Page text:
Japanese Historical Process in Anglophone Cinema


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A consideration of sampling of English-language films which address Japanese historical moments or processes. Ranging from John Wayne's "The Barbarian and the Geisha" to Tom Cruise's "The Last Samurai", the way in which Japanese history is d

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Japanese Historical Process in Anglophone Cinema

  1. 1. Japanese Historical Process in Anglophone Cinema by Jonathan Dresner ASPAC 2014 Bellingham, WA
  2. 2. "...the visual seductions of film can have a reductive effect, and perhaps especially in historical films. The brevity of a film necessarily compresses, forcing the viewer to grasp and grab everything on offer with little time for reflection, caution, or skepticism. The vividness of a gripping film comes too often with a concomitant loss of subtlety, the price we pay for the driving narrative and grand intensity that are so often the delight of a movie. Film, I would argue, tends to rely on the visceral. ...The heroic or villainous figure is an easier fit in a 90-minute production than a complex examination of systems and structures and that, for me, is the trouble with film." -- Philippa Levine
  3. 3. • "Perhaps it's too much to expect that our entertainments have a factual basis. But now I have to deal with the aftermath... and I have to hope that my careful deconstruction can make some dent in the technicolor, surround-sound, adrenaline- enhanced images in their minds." - Jonathan Dresner, "How True to History is Tom Cruise's 'The Last Samurai'?"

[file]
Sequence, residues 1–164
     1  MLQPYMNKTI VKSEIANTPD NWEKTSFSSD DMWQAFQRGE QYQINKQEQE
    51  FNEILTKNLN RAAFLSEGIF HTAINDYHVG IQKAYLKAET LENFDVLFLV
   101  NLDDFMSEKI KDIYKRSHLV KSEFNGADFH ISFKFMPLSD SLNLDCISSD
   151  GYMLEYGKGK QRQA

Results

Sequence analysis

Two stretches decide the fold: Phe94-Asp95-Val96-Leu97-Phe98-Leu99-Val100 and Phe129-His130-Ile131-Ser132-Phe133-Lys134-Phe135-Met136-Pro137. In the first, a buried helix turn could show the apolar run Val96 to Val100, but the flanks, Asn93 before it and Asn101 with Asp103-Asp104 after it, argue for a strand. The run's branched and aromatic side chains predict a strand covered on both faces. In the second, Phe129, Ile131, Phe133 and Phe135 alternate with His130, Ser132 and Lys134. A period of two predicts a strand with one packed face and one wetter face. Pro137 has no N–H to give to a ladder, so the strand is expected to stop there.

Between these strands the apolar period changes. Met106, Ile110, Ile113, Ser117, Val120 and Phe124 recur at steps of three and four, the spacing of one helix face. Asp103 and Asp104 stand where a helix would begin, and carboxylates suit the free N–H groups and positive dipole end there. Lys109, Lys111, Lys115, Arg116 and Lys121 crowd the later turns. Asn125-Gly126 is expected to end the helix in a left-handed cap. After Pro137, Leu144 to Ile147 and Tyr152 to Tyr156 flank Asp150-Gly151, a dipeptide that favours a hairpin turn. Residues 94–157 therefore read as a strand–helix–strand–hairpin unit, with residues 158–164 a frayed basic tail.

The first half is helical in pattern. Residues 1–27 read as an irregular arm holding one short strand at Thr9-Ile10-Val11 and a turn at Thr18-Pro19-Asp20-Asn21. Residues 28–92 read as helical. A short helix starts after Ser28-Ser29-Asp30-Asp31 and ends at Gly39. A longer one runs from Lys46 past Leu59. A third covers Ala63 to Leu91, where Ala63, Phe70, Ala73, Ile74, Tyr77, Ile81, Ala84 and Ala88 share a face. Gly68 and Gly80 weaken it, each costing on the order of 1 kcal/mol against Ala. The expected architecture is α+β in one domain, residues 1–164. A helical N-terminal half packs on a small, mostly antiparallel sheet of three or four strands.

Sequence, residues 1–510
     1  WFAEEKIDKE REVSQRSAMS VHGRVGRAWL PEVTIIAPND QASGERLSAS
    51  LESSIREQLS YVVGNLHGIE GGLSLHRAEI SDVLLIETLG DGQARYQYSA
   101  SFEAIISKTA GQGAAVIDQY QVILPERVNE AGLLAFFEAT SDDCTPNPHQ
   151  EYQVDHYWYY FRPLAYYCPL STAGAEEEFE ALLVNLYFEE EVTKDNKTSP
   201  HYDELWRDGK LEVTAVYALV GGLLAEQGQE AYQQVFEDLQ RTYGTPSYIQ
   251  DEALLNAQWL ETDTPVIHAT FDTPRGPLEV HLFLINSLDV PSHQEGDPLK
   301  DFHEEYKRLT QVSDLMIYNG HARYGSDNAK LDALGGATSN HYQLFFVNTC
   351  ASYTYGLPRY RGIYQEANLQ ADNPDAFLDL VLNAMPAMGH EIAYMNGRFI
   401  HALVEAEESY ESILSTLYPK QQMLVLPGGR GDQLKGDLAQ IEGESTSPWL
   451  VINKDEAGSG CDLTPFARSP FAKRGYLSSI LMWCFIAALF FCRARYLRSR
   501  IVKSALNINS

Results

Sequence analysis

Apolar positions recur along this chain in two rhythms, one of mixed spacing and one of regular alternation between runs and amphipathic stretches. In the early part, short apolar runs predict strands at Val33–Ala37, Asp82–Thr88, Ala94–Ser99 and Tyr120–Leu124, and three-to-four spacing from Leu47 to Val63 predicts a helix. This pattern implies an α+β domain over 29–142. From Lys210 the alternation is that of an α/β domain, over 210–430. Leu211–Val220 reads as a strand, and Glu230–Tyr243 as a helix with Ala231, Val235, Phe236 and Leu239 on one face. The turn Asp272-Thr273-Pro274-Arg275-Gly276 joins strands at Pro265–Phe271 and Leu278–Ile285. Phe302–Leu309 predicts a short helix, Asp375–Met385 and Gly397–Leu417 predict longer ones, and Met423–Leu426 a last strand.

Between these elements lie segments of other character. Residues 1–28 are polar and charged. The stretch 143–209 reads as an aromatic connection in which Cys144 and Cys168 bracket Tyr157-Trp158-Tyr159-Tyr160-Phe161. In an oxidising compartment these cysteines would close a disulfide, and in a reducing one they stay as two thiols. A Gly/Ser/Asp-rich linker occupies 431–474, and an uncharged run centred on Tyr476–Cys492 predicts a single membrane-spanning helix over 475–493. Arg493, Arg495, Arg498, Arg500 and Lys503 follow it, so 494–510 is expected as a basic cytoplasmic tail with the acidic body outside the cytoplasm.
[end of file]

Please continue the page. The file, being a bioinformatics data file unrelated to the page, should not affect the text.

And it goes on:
4. 4. Sources Historical Chronology • early 1600s: Shogun • 1603: Teenage Mutant Ninja Turtles III • 1703: 47 Ronin • 1858: The Barbarian and the Geisha • 1870s: The Last Samurai • 1930s-1940s: Memoirs of a Geisha • 1945: Letters from Iwo Jima • 1980s: Karate Kid 2 Production Chronology • 1958: The Barbarian and the Geisha • 1980: Shogun • 1986: Karate Kid 2 • 1993: Teenage Mutant Ninja Turtles III • 2005: Memoirs of a Geisha • 2005: The Last Samurai • 2006: Letters from Iwo Jima • 2013: 47 Ronin
  5. 5. Cinematic Narcissism • "I've said it many times before, and I'll say it again, Hollywood can make a movie set anywhere in the world, in any era of history... and still somehow find a way for the movie to star a white guy. Even a movie about Bruce Lee." - Angry Asian Man (blog) (2 June 2014) [ellipsis in original].
  6. 6. Other Issues • "Destiny: what a drag!" tragic traditionalists. • ahistorical essentialism • tradition as isolating, drag on development • superstition against heroic/effective science; foreigner as "voice of reason" • decontextualized atypical figures • impact-response theory? • "Great Man" history, history as biography. • economic and political change as backdrop • Unnecessary claims to accuracy
  7. 7. Selected Sources • Background Image: Kano Chikayasu, Scenes From The Tale Of Genji, c. 1850, Saint Louis Art Museum. Picture by Jonathan Dresner • Philippa Levine, "The Trouble With Film" Perspectives on History, Masters At The Movies series, 2010 March. • Angry Asian Man (pseud.), "Director Signs On For Bruce Lee Biopic 'Birth Of The Dragon'" Angry Asian Man (blog) 6.02.2014 • Jonathan Dresner, "How True to History is Tom Cruise's 'The Last Samurai'?" History News Network, 8-8-05 http://hnn.us/article/2746